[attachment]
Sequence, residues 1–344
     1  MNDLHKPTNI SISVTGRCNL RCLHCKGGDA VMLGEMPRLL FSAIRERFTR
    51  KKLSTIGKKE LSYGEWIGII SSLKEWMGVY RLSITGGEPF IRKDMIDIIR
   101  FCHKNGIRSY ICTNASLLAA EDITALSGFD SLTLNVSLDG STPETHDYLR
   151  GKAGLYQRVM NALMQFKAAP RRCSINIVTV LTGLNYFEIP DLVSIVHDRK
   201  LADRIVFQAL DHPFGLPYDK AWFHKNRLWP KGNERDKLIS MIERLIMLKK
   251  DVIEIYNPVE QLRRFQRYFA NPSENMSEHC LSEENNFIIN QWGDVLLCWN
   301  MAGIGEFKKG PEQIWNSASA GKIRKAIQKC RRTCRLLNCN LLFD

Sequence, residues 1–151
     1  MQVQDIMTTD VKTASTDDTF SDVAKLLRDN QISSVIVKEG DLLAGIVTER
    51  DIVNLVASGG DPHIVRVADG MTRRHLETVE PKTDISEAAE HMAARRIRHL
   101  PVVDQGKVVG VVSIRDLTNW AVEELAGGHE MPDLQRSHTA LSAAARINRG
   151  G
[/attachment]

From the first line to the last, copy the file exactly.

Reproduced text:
Sequence, residues 1–344
     1  MNDLHKPTNI SISVTGRCNL RCLHCKGGDA VMLGEMPRLL FSAIRERFTR
    51  KKLSTIGKKE LSYGEWIGII SSLKEWMGVY RLSITGGEPF IRKDMIDIIR
   101  FCHKNGIRSY ICTNASLLAA EDITALSGFD SLTLNVSLDG STPETHDYLR
   151  GKAGLYQRVM NALMQFKAAP RRCSINIVTV LTGLNYFEIP DLVSIVHDRK
   201  LADRIVFQAL DHPFGLPYDK AWFHKNRLWP KGNERDKLIS MIERLIMLKK
   251  DVIEIYNPVE QLRRFQRYFA NPSENMSEHC LSEENNFIIN QWGDVLLCWN
   301  MAGIGEFKKG PEQIWNSASA GKIRKAIQKC RRTCRLLNCN LLFD

Sequence, residues 1–151
     1  MQVQDIMTTD VKTASTDDTF SDVAKLLRDN QISSVIVKEG DLLAGIVTER
    51  DIVNLVASGG DPHIVRVADG MTRRHLETVE PKTDISEAAE HMAARRIRHL
   101  PVVDQGKVVG VVSIRDLTNW AVEELAGGHE MPDLQRSHTA LSAAARINRG
   151  G